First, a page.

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south and east : boats can go in and out of the 1-69.
October, river at any time of the tide in fine weather; but as there is a bar at the entrance, no bokë Wednes. 11. can go either in or out when the sea runs high: the best place to attempt it, is on the north east fide, and it is there practicable when it is not fo in any other part. The shore of the bay, a little within its entrance; is a low flat fand ; behind which, at a small distance, the face of the country is finely diversified by hills and valleys, all clothed with wood, and covered with verdure. The country also appears to be well inhabited, especially in the valleys leading up from the bay; where we daily saw smoke rising in clouds one behind another tó a great distance till the view terminated in mountains of a ftupendous height.
The fouth west point of the bay I named
In the afternoon we lay becalmed, which the
1769. off, and came within less than a quarter of a
mile of the vessel; but could not be persuaded Wędnes. 11.
to come nearer, though Tupia exerted all the
When these people had recovered from the first impressions of fear, which, notwithstanding their resolution in coming on board, had mani
festly thrown them into some confusion, we in 1769.
October quired after our poor boys. The man who first came on board immediately answered, that Wedner, at, they were unhurt and at home; adding, that he had been induced to venture on board by the account which they had given him of the kindness with which they had been treated, and the wonders that were contained in the ship.. :
While they were on board they shewed every sign of friendship, and invited us very cordially to go back to our old bay, or to a small cove which they pointed out, that was not quite so far off; but I chose rather to prosecute my difcoveries than go back, having reason to hope that I should find a better harbour than any I had yet seen. . About an hour before fun-set, the canoes put off from the ship with the few paddles they had résérved, which were scarcely sufficient to set them on shore; but by some means or other three of their people were left behind : as foon as we discovered it, we hailed them; but not one of them would return to take them on board: this greatly surprised us; but we were surprised still more to obferve that the deserted Indians did not seem at all uneasy at their fituation, but entertained us with dancing and singing after their manner, eat their suppers, and went quietly to bed. :;' ... ' n wer!...? . .
1769. A light breeze springing up soon after it was .oétober.
dark, we steered along the Thore under an easy 11. fail till midnight, and then brought to, foon af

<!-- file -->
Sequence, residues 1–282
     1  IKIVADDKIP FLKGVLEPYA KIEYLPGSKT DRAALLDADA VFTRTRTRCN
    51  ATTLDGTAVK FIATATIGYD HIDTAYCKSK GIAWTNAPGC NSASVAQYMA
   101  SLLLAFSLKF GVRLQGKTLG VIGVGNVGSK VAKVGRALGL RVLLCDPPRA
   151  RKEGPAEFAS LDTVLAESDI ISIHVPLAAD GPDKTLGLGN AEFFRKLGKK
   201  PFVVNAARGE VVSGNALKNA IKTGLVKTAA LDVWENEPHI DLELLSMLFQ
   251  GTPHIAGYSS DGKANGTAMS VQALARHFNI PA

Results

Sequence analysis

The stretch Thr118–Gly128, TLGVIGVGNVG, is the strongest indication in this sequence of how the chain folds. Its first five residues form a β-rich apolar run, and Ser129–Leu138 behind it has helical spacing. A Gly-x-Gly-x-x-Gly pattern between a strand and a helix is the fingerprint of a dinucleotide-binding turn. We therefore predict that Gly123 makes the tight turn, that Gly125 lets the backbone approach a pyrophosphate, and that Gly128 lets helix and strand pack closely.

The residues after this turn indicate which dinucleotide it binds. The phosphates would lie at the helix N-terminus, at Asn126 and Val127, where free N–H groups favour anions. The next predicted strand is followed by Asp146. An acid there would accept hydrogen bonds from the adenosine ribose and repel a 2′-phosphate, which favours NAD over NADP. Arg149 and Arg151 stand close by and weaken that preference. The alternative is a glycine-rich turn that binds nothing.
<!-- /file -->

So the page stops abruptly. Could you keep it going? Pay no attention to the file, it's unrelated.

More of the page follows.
ter which it fell calm; we were now some leagues distant from the place where the canoes had left us, and at day-break, when the Indians perceiv. ed it, they were seized with consternation and terror, and lamented their situation in loud complaints, with gestures of despair and many tears.
Tupia, with great difficulty, pacified them; and Thursd. 12. about seven o'clock in the morning, a light came on board, who seemed to be a Chief from 1769. the finery of his garment, and the fuperiority of Etober his weapon, which was a Patoo-Patoo, made of Thursd. 12. bone, that, as he faid, had belonged to a whale. He staid on board but' a fhort time, and when he went away, he took with him our guests, very much to the fatisfaction both of them and us.
breeze springing up, we continued to stand south west along the shore. Fortunately for our poor Indians, two canoes came off about this time, and made towards the ship : they stopped, however, at a little distance, and seemed unwilling to trust themfelves nearer. Our Indians were greatly agitated in this state of uncertainty, and urged their fellows to come alongside of the ship, both by their voice and gestures, with the utmost eagerness and impatience. Tupia interpreted what they said, and we were much surprised to find, that, among other arguments, they assured the people in the canoes, we did not eat men. We now began serioufly to believe that this horrid custom prevailed among them; for what the boys had faid, we considered as a mere hyperbolical expreffion of their fear. One of the canoes, at length, ventured to come under the ship's side; and an old man
At the time when we failed, we were abreast of a point, from which the land trends S. S. W. and which, on account of its figuré, I called CAPE TABLE. This point lies feven leagues to the southward of Poverty Bay, in latitude 390 g S, and longitude 181° 36' W.; it is of a considerable height, makes it a sharp angle, and appears to be quite hat at the top..
In steering along the fhore to the southward of the Cape, at the distance of two or three miles, our foundings were from twenty to thirty fathom, having a chain of rocks between us and the shore, which appeared at different heights above the water. - At noon, Cape Table bore N. 20 E. diftant about four leagues, and a small island, which was the fouthermoft land in light, bore S. 70 W. at the distance of about three miles. This iffand, which the natives call TeaHOWRAY, I Ihand of
Portland. named the ISLÄND OF PORTLAND, from its very great resemblance to Portland in the English Channel : it lies about a mile from a point on